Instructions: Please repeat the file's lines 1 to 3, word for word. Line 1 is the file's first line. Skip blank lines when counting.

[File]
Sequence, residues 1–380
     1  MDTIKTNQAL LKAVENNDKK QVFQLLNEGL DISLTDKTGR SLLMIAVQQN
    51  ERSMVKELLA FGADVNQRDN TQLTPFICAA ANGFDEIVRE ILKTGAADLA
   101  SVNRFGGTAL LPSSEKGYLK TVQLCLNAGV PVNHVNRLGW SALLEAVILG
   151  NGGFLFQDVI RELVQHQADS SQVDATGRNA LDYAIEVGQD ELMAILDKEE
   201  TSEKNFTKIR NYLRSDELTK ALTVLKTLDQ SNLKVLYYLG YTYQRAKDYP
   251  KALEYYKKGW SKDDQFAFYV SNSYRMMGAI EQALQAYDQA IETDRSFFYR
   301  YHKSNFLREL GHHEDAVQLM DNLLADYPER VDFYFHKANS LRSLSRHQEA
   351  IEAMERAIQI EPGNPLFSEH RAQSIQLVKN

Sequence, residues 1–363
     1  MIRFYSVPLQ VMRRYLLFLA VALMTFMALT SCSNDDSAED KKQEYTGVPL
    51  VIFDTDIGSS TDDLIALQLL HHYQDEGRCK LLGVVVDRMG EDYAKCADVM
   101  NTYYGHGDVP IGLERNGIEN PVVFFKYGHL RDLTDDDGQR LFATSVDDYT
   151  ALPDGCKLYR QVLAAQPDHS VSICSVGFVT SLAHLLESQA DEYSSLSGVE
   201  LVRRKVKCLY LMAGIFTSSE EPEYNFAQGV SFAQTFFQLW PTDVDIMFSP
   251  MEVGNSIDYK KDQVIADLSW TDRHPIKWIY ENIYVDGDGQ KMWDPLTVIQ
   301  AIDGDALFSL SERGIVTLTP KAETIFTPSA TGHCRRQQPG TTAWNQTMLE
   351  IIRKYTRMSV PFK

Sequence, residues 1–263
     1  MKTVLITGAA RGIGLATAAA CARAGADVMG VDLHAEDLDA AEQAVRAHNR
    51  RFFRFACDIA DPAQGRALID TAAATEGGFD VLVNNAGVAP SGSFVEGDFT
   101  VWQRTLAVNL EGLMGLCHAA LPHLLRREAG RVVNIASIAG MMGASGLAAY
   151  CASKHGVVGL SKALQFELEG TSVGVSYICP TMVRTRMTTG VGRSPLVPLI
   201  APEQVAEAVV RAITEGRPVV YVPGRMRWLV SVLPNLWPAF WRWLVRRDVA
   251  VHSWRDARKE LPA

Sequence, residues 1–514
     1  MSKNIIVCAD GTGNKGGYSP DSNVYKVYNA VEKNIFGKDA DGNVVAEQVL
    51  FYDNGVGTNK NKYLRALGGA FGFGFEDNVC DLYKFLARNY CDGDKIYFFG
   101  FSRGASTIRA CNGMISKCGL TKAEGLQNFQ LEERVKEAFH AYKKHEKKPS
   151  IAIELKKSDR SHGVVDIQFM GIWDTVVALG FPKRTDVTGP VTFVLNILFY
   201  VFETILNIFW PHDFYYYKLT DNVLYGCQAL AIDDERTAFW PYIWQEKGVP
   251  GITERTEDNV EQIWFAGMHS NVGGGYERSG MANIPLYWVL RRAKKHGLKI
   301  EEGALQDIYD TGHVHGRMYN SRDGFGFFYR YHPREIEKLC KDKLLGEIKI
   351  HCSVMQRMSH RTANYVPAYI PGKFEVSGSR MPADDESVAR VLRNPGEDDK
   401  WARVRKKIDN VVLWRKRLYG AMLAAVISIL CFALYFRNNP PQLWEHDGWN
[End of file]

Sequence, residues 1–380
     1  MDTIKTNQAL LKAVENNDKK QVFQLLNEGL DISLTDKTGR SLLMIAVQQN
    51  ERSMVKELLA FGADVNQRDN TQLTPFICAA ANGFDEIVRE ILKTGAADLA